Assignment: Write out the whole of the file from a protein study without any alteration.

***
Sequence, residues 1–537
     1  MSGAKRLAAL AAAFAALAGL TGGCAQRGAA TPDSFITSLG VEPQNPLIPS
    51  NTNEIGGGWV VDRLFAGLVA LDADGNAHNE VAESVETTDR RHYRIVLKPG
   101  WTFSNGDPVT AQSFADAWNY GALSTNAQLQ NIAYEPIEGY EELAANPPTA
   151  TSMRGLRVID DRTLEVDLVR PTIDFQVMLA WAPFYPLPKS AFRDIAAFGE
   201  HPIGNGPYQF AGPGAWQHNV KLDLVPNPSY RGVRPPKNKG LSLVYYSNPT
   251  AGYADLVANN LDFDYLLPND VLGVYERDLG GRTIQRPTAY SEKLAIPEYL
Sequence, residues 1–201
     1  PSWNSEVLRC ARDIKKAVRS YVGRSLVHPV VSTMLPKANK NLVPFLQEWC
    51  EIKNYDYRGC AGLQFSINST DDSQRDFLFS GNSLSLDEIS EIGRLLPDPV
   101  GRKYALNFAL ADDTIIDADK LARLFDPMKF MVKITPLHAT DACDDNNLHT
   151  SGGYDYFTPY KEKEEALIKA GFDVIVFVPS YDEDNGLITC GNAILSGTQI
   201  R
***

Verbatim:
Sequence, residues 1–537
     1  MSGAKRLAAL AAAFAALAGL TGGCAQRGAA TPDSFITSLG VEPQNPLIPS
    51  NTNEIGGGWV VDRLFAGLVA LDADGNAHNE VAESVETTDR RHYRIVLKPG
   101  WTFSNGDPVT AQSFADAWNY GALSTNAQLQ NIAYEPIEGY EELAANPPTA
   151  TSMRGLRVID DRTLEVDLVR PTIDFQVMLA WAPFYPLPKS AFRDIAAFGE
   201  HPIGNGPYQF AGPGAWQHNV KLDLVPNPSY RGVRPPKNKG LSLVYYSNPT
   251  AGYADLVANN LDFDYLLPND VLGVYERDLG GRTIQRPTAY SEKLAIPEYL
Sequence, residues 1–201
     1  PSWNSEVLRC ARDIKKAVRS YVGRSLVHPV VSTMLPKANK NLVPFLQEWC
    51  EIKNYDYRGC AGLQFSINST DDSQRDFLFS GNSLSLDEIS EIGRLLPDPV
   101  GRKYALNFAL ADDTIIDADK LARLFDPMKF MVKITPLHAT DACDDNNLHT
   151  SGGYDYFTPY KEKEEALIKA GFDVIVFVPS YDEDNGLITC GNAILSGTQI
   201  R